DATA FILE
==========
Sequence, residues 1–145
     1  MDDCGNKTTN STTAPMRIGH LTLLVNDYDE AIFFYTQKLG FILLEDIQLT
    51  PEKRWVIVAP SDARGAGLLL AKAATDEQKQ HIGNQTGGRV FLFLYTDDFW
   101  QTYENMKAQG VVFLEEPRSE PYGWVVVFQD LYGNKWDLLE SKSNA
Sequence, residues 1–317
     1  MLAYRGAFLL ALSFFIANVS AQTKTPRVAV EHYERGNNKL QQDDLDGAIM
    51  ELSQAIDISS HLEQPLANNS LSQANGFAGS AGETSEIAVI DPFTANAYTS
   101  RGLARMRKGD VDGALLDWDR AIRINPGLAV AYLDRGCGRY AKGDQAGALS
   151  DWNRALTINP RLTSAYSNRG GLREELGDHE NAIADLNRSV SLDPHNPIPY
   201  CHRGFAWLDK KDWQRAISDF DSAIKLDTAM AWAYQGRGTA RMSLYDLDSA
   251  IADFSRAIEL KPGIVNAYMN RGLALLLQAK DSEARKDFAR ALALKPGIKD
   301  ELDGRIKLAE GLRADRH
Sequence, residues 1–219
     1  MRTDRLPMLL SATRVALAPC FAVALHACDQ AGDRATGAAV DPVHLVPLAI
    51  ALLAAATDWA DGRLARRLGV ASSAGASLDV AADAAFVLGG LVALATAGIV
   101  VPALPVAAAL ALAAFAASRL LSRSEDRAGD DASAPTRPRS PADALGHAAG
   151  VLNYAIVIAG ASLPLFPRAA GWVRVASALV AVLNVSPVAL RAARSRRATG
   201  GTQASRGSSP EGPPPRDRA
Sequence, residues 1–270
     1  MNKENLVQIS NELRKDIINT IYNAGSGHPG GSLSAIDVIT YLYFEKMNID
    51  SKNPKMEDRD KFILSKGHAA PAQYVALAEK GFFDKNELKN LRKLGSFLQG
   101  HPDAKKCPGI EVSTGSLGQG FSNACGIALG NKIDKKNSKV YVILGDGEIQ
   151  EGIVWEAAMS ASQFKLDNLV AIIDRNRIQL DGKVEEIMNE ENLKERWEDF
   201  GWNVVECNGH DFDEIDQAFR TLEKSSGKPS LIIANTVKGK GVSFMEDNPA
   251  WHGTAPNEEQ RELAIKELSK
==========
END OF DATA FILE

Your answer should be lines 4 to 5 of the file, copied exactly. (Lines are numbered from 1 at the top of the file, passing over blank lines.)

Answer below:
   101  QTYENMKAQG VVFLEEPRSE PYGWVVVFQD LYGNKWDLLE SKSNA
Sequence, residues 1–317